Sample of business plan – components of business plan


How to write a business plan step by step:

Sample of business plan – components of business plan
 business plan

Every serious entrepreneur needs to have a well thought out business plan. Lenders and investors want to see that you have what it takes for your business to be successful not just today, but one year from now, three years from now, and beyond. A business plan is where you tell your business's story and communicate how you plan to make money. You might feel intimidated by stories you've heard of business owners having to put together 100-page+ business plans, but you don't have to worry. Putting together a business plan is actually easier than you think. I'm going to cover the eight essential parts of a good business plan, including examples for each part, and at the end, I'll include some bonus formatting tips for your business plan, so please read this blog post carefully if you want to be successful in the future.

Executive summary:

The executive summary is the opening section of your business plan. You might be tempted to overlook this section because it contains mostly identifying information about your business, but think of this section as the introduction, the “hook” if you will, to your business plan. If this part isn't compelling and well written, lenders and investors won't be able to get past it to the juicier parts. Your executive summary should contain the following information: your business's name and locations, your mission statement, an overview of your products and services, and the goal of this business plan such as applying for a business loan or applying for seed funding from investors. Here's a great example of an executive summary from a coffee shop business plan taken from B plans. Right away, this executive summary tells you the key success factors for this business. Make sure you highlight your business's main success points right away, but be concise in your executive summary. There'll be plenty of opportunity in future sections to provide more detail.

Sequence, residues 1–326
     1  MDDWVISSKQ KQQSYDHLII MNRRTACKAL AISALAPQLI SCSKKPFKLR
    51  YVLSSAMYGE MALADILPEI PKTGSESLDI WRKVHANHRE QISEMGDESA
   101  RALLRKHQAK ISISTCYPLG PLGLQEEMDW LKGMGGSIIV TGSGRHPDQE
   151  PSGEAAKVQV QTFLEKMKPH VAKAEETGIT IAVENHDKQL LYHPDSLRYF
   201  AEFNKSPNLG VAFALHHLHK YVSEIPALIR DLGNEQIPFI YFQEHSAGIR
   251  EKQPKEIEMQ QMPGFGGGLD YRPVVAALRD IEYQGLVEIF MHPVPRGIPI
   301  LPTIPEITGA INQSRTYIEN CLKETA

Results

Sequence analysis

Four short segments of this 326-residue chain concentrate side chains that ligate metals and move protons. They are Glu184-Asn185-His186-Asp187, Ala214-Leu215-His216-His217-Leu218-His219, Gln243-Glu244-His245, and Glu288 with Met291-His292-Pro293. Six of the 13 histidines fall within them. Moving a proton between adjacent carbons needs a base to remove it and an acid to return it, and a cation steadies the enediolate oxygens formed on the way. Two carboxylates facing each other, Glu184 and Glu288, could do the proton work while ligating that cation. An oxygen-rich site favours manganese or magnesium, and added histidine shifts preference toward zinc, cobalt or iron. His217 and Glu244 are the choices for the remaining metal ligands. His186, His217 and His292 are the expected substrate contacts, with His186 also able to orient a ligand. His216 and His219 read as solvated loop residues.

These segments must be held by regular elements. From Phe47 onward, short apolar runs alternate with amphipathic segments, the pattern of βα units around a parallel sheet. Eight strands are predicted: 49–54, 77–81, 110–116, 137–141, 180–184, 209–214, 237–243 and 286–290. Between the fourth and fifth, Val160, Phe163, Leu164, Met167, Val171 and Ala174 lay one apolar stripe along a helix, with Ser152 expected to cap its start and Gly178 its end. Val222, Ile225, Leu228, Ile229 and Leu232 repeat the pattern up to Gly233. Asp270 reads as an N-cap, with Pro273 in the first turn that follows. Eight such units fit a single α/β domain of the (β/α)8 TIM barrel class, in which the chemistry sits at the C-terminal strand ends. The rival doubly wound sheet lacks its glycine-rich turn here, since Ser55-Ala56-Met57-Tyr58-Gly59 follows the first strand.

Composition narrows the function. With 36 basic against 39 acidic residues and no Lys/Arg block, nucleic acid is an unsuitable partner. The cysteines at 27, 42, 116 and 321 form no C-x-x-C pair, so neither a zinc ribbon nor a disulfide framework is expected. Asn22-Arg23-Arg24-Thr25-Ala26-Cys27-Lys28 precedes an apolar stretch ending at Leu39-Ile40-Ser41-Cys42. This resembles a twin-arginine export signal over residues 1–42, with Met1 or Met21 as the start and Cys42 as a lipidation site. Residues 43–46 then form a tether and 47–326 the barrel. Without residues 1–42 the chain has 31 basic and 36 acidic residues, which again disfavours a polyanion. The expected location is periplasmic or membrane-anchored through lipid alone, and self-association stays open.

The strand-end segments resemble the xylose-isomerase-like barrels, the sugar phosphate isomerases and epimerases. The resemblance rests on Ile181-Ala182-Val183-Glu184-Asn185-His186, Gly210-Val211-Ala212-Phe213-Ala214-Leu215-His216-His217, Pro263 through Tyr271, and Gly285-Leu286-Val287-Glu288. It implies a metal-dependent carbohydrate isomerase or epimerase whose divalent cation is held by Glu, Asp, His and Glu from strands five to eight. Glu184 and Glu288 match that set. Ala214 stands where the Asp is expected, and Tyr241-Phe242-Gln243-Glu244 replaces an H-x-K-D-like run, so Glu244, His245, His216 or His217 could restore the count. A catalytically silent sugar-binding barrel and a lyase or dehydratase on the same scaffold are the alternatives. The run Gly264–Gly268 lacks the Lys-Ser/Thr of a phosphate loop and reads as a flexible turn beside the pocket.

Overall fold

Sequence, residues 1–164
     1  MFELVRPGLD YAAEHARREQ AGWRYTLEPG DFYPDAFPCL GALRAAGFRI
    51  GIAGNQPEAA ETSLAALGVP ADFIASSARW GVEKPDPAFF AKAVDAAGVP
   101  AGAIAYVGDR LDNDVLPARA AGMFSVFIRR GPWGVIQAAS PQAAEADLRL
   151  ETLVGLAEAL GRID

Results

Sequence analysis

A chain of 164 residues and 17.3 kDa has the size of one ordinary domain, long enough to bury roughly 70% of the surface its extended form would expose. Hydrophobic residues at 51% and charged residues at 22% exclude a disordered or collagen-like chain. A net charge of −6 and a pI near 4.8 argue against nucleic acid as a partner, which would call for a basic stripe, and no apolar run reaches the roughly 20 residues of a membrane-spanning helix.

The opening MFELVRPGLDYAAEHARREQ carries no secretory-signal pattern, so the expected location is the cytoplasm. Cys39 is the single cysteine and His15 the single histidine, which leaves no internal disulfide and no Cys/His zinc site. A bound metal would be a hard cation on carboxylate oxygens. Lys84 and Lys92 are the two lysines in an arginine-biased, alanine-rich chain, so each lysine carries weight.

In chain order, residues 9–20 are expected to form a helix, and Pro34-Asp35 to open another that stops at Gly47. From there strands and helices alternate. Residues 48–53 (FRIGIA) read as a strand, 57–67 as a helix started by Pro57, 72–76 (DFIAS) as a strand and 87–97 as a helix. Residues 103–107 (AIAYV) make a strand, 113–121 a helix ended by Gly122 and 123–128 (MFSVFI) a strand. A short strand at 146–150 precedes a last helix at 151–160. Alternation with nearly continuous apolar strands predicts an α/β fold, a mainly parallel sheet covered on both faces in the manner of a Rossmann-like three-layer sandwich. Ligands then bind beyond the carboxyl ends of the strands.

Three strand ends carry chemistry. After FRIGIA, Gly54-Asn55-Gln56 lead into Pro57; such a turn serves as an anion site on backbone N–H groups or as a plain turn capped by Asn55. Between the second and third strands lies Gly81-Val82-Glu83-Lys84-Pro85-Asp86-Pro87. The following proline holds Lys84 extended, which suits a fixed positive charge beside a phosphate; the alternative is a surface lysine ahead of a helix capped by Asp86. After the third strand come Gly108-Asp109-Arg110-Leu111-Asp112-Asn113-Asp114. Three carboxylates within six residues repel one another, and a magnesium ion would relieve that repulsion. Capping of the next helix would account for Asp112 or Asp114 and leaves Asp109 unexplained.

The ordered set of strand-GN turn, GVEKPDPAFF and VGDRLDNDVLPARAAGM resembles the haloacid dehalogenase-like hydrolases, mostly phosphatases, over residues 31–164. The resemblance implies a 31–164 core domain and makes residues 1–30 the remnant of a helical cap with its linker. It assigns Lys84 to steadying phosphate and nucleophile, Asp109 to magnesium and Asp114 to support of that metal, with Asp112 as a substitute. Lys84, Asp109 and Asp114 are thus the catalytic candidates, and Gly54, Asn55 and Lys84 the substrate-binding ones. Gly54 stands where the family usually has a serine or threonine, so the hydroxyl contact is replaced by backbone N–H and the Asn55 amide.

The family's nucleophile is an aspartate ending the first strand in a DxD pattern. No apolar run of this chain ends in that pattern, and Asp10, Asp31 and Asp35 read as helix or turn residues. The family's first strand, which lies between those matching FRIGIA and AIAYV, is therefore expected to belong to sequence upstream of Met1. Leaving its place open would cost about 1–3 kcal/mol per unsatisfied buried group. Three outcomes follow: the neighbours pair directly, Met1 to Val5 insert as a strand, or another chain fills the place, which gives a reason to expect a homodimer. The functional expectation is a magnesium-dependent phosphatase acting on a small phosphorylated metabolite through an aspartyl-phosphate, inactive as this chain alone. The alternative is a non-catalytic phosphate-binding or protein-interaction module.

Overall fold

Company overview:

The company overview is like the biography section for your business plan. You can include here a brief history of your business, your company's business entity structure, the primary assets and liabilities that your business has at the startup phase, and mention leadership team members and their positions.

Market analysis:

You'll go into greater depth about your industry and market knowledge. Include relevant data about your industry, and be clear about who your target customer base is. How does your product or service solve a problem or issue that your customers face? And what are you doing differently than your competitors. The more detailed this section is, the more likely lenders and investors are to pay positive attention to your business plan. Here's an excerpt of a market analysis for a health club that provides personalized fitness services. In just a couple of paragraphs, this business plan tells you what's typical in the fitness industry, and how this business will do things differently by providing personalized services for their customers. Make sure you use this section of your business plan as an opportunity to let your company's competitive advantages shine.